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Author:Alm, Richard 

Journal Article
The saving grace

Many economists agree that a country's rate of saving can be a key factor in the growth rate and living standards the country achieves. Analysts are less certain about which factors have positive and negative influences on saving, what role government should have in creating a better environment for saving, and the extent to which a country can offset the effects of low domestic saving by tapping into other countries' savings. ; Economists, bankers, and officials discussed these and other aspects of saving earlier this year at a symposium sponsored by the Federal Reserve Bank of Dallas. ...
Economic and Financial Policy Review , Issue Q III , Pages 43-52

Report
The churn--the paradox of progress

Annual Report

Journal Article
The churn among firms

Southwest Economy , Issue Jan , Pages 6-9

Journal Article
Law firms go global: taking Texas talent to a worldwide market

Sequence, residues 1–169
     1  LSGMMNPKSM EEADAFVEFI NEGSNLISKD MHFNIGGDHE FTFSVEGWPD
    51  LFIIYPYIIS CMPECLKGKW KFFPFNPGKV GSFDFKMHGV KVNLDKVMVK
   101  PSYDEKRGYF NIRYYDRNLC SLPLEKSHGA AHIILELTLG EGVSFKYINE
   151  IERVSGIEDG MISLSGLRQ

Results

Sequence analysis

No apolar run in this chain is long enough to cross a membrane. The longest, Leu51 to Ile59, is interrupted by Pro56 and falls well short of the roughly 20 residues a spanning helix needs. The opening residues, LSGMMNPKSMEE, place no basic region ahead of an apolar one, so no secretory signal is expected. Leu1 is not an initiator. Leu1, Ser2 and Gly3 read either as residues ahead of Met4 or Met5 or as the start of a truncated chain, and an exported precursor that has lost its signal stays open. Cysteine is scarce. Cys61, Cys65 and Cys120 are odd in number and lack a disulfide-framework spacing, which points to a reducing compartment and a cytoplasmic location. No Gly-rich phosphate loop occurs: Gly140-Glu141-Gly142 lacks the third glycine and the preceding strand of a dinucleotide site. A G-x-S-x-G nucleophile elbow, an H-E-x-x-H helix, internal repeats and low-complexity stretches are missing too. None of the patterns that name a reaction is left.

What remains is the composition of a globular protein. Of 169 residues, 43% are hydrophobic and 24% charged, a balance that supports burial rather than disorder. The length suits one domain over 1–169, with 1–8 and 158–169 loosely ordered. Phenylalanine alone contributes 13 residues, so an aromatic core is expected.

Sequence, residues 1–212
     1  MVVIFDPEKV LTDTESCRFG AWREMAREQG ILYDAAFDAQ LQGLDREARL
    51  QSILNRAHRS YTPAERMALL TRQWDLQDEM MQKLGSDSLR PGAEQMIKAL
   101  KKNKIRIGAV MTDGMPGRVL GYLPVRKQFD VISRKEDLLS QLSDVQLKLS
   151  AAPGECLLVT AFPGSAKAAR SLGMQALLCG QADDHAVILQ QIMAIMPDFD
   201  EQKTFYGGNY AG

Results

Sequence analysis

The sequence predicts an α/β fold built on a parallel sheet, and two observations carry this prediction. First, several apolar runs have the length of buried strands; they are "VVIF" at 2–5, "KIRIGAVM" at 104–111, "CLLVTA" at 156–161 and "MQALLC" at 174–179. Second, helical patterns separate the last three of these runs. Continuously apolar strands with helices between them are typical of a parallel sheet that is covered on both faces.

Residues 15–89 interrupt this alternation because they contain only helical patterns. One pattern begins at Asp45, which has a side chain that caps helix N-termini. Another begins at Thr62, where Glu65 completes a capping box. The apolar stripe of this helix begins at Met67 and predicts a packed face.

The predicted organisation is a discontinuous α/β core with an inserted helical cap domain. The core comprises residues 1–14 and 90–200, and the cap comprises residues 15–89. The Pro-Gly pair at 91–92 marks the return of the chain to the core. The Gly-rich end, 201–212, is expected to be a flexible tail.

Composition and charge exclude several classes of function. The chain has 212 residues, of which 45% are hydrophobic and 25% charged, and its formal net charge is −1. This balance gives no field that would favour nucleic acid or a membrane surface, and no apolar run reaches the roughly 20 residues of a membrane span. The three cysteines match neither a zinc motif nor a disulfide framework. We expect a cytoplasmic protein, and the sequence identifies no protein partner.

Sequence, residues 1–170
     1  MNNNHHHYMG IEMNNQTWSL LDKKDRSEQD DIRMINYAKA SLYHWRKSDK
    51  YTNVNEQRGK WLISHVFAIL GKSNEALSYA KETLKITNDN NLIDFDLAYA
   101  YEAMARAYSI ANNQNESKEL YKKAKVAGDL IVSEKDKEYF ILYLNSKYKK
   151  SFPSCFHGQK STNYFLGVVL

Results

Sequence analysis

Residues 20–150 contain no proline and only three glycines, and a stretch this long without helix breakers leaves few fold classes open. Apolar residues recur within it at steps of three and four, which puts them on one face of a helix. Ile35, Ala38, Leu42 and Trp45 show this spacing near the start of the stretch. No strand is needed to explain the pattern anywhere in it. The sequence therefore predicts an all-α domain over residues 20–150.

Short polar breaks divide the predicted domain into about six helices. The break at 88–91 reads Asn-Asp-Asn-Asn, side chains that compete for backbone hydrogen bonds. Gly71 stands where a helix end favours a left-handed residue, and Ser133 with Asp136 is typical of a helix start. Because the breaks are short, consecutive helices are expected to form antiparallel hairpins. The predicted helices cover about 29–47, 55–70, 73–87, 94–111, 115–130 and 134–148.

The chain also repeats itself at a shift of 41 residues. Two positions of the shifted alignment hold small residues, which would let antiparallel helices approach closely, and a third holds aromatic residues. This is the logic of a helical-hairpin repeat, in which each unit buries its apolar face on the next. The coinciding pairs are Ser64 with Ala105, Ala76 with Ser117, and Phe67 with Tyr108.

Southwest Economy , Issue Jul , Pages 10

Report
The economy at light speed: technology and growth in the information age and beyond

Annual Report

Report
The service sector: give it some respect

Annual Report

Journal Article
America's trade deficit: the latest false alarm

Southwest Economy , Issue Nov , Pages 6-7

Journal Article
China and India: two paths to economic power

The two Asian giants have achieved rapid and sustained growth -- China by focusing on goods, India by tilting toward services.
Economic Letter , Volume 3

Report
A better way: productivity and reorganization in the American economy

Annual Report

Journal Article
Crude awakening: behind the surge in oil prices

The first few months of 2008 saw crude oil prices breach one barrier after another. They topped $100 a barrel for the first time on Feb. 19, then rose past $103.76 about two weeks later, surpassing the previous inflation-adjusted peak, established in 1980. In April and early May, oil prices pushed past $110 and then $120 a barrel and beyond. ; These milestones reflect a new era in oil markets. After the tumult of the early 1980s, prices remained relatively tame for two decades - in both real and nominal terms. This long stretch of stability ended in 2004, when oil topped $40 a barrel for the ...
Economic Letter , Volume 3

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